Eating, drinking and brain health

 

People with dementia don’t need to eat a special diet, unless you have another health condition that means you need to eat a modified diet (low salt, for example). However, for all of us, eating a well balanced, nutritious diet can be beneficial.

It can help our bodies work more efficiently, giving us more energy and help us avoid other health problems.

People with dementia can sometimes forget to eat or drink and can become dehydrated and/or malnourished, which means missing out on essential vitamins and nutrients. This can increase confusion and may cause other health concerns such as constipation, which can be caused by a lack of fibre or fluids. But keeping up a healthy diet should avoid these problems.

If you do not enjoy cooking, an option to consider is to go online and find out about prepared healthy meals that can be delivered to you.

Tips for a healthy diet

  •  enjoy your food
  • eat a variety of foods with an emphasis on plant foods
  • eat the right amount of food to maintain a healthy weight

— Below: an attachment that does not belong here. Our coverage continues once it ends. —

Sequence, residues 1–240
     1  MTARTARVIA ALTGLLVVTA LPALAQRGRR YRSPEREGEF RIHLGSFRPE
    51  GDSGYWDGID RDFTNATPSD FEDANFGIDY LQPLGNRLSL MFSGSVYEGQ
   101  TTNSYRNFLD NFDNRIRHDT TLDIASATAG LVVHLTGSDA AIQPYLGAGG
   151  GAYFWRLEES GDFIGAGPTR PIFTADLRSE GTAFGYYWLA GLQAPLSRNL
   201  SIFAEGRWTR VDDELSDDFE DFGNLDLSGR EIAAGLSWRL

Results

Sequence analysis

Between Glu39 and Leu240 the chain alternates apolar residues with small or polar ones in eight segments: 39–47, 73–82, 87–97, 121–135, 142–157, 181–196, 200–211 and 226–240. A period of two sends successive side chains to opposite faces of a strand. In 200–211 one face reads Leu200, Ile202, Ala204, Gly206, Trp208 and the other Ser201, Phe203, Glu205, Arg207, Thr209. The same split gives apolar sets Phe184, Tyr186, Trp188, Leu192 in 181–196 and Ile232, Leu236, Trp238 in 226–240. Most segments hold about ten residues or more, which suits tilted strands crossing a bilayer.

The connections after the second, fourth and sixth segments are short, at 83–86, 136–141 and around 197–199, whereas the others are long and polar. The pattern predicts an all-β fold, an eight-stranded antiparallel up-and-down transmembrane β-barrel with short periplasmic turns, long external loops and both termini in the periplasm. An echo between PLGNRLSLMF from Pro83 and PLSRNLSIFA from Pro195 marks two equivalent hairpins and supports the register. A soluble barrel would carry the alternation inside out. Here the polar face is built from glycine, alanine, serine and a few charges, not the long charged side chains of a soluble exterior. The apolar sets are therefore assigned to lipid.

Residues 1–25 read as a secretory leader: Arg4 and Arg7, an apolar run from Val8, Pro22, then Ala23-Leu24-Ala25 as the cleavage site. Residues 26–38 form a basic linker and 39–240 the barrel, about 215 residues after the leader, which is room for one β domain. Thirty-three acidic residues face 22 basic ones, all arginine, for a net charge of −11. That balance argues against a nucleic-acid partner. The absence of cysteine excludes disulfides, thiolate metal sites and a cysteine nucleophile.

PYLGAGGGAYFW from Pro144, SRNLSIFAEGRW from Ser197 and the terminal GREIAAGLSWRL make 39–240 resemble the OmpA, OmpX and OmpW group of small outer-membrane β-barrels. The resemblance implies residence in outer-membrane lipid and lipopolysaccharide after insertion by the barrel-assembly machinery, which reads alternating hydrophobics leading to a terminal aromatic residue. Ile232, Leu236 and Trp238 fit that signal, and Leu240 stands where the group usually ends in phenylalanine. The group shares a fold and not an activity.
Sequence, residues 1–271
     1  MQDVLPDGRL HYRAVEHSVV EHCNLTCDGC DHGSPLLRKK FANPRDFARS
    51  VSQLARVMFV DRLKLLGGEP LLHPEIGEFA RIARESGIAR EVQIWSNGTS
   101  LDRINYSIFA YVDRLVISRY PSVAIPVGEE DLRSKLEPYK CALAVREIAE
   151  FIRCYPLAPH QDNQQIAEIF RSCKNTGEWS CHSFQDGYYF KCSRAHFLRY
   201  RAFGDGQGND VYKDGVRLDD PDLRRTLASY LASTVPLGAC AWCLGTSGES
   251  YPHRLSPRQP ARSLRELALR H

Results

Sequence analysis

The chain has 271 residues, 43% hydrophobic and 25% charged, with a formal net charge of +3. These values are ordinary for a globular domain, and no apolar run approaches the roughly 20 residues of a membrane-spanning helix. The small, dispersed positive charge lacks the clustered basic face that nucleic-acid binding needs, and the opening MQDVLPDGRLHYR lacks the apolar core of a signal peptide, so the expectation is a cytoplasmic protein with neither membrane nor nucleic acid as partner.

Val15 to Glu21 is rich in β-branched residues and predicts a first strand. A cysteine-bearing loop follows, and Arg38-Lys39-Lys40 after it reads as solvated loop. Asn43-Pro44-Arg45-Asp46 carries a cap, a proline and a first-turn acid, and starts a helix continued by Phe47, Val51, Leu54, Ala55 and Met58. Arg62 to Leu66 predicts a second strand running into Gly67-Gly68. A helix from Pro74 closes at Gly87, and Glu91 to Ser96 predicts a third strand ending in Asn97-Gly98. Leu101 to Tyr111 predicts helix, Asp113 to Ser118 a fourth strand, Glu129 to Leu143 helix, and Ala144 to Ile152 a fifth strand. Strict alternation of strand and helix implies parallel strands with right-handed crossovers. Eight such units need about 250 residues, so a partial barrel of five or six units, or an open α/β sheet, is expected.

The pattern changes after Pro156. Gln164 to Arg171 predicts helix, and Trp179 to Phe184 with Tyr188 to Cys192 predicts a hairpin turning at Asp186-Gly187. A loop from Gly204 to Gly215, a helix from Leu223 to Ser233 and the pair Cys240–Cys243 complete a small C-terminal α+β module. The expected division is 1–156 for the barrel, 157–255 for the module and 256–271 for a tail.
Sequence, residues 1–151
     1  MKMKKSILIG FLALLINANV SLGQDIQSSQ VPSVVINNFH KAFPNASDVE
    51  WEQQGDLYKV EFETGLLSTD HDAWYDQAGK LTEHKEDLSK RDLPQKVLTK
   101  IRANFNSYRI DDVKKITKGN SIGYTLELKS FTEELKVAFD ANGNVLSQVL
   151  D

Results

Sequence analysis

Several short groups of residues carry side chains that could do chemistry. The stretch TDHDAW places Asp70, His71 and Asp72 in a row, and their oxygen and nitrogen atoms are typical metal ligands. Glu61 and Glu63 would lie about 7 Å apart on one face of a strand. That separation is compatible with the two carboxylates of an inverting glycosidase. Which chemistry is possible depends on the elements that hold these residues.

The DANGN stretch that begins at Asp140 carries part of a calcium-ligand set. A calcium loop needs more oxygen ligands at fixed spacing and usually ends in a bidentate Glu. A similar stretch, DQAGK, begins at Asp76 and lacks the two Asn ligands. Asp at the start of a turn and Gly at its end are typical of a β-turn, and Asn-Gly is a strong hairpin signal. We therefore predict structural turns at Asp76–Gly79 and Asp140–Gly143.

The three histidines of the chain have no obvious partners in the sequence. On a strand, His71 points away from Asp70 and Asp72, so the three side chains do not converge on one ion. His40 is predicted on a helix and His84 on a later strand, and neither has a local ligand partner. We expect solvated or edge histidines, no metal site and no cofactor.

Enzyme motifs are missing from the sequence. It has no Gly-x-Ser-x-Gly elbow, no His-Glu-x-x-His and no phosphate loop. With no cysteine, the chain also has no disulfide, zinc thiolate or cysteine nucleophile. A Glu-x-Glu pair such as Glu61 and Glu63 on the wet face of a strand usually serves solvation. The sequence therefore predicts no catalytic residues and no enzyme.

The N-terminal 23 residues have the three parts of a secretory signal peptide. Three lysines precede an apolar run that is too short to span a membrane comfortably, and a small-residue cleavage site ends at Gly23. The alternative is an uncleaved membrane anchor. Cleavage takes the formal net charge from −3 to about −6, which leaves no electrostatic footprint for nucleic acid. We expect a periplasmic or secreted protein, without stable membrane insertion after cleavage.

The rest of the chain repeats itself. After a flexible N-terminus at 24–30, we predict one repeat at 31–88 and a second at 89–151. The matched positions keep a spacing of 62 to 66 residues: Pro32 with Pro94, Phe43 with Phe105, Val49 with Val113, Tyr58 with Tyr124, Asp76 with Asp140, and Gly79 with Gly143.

• eat plenty of foods rich in fibre
  • eat plenty of fruit and vegetables (five servings of vegetables and two servings of fruit each day)
  • limit red meat but have fish twice a week
  • limit fried foods and processed snacks
  • avoid foods high in saturated fat
  • limit sugary foods and drinks
  • avoid foods high in salt and don’t add salt in cooking or at the table
  • drink plenty of water
  • if you drink alcohol do so only in moderation.

 For more information, read the New Zealand Dietary Guidelines for Older People. You can also call the Ministry of Health on 0800 855 066 and ask how to pick up a copy of the nutritional guidelines. 


Booklet: Living well with dementia
A guide for people diagnosed with dementia

This booklet is written for people who have been diagnosed with dementia to give you information and to help you continue to live well. 

The booklet suggests ways to look after yourself including how to adjust to change and managing your day, as well as working, driving, keeping involved and active and planning for the future. 

Click here to download the booklet (PDF).